“I’m scared to talk about it”: exploring experiences of incontinence for people with and without disabilities in Vanuatu, using mixed methods

September 2021

Incontinence is the involuntary loss of urine and/or faeces. It is stigmatised and can reduce quality of life. People with incontinence require water, sanitation, hygiene (WASH) and incontinence products. People with disabilities are at risk of experiencing incontinence and may face challenges managing, however, minimal evidence exists.

Methods – This study aimed to complete a population-based study of disability in TORBA and SANMA Provinces, Vanuatu to quantify the prevalence and demographics of disability, experience of WASH access and incontinence for people with and without disabilities. It included a survey, case-control study, in-depth interviews, structured observations and PhotoVoice.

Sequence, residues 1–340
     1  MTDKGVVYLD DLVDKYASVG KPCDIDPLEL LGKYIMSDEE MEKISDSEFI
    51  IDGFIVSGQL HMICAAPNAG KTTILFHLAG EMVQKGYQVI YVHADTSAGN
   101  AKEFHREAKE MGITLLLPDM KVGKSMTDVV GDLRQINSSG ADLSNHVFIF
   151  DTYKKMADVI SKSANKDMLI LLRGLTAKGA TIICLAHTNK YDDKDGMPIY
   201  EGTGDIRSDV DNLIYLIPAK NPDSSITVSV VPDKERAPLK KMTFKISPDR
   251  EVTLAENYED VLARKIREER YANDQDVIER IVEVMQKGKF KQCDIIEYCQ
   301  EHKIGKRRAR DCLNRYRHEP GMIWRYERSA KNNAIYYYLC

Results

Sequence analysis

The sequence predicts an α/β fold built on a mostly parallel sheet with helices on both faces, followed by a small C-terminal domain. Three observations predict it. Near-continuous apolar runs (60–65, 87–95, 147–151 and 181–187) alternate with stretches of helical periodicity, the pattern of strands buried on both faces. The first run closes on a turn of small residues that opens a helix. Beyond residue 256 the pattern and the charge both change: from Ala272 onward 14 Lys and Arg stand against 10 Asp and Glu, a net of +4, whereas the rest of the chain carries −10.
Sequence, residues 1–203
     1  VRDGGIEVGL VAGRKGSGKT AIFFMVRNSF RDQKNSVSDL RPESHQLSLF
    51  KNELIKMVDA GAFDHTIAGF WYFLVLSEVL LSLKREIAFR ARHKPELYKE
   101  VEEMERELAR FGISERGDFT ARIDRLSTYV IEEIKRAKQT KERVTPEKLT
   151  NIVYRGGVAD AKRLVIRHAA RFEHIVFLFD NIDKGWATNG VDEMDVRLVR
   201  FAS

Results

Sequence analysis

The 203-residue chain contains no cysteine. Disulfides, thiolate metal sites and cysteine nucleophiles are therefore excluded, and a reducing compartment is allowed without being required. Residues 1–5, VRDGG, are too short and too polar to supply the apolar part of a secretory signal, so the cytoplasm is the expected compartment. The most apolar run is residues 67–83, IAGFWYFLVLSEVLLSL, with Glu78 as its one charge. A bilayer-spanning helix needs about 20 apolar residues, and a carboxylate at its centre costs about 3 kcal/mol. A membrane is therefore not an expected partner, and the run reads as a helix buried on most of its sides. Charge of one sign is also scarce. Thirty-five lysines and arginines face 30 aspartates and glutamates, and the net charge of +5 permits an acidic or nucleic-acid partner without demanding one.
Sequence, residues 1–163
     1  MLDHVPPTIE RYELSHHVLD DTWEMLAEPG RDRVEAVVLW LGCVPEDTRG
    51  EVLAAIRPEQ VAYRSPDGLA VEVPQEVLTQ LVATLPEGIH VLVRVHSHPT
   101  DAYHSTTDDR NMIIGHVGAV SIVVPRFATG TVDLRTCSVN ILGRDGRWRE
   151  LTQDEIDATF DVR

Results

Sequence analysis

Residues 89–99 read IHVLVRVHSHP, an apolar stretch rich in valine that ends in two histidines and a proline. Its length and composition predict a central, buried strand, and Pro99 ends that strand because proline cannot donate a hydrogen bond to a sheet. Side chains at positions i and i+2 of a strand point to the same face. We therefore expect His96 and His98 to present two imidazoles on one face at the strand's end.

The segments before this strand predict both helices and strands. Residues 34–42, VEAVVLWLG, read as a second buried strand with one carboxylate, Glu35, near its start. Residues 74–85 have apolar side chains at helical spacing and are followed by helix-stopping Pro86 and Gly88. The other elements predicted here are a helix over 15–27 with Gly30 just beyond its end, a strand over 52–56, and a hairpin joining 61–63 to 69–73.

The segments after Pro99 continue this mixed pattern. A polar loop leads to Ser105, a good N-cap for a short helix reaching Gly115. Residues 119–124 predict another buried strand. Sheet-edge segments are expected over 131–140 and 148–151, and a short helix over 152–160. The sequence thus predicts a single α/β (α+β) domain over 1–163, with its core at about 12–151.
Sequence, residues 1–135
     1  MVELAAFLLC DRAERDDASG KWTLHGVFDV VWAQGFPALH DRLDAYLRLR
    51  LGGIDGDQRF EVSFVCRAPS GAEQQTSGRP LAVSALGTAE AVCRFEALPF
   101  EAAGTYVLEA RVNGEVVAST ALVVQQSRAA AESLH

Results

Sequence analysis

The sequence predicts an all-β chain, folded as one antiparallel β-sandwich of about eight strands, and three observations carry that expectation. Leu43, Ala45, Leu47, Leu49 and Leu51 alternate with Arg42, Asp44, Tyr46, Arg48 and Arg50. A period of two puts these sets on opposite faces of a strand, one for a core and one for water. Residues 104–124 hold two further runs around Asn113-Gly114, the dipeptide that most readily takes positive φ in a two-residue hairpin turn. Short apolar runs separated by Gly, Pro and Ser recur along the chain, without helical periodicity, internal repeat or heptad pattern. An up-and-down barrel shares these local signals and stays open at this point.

Findings – People with disabilities were three times more likely to experience incontinence than people without disabilities. Challenges facing all people with incontinence were distance to latrines and lack of incontinence products. People with disabilities were less able to wash and participate in social activities. Less than 10% had assistive technologies; caregivers had no lifting devices. People experiencing incontinence did not disclose this to others, including medical professionals, who also did not raise the issue.

Key learning – Inaccessible and inadequate WASH, lack of incontinence products and stigma increased isolation for all people with incontinence. Additionally, people with disabilities and caregivers faced discrimination and insufficient assistive technologies. This negatively affected their wellbeing and quality of life, and requires addressing.

Additional details

PublisherThe Lancet Regional Health: Western Pacific
RegionThe Pacific

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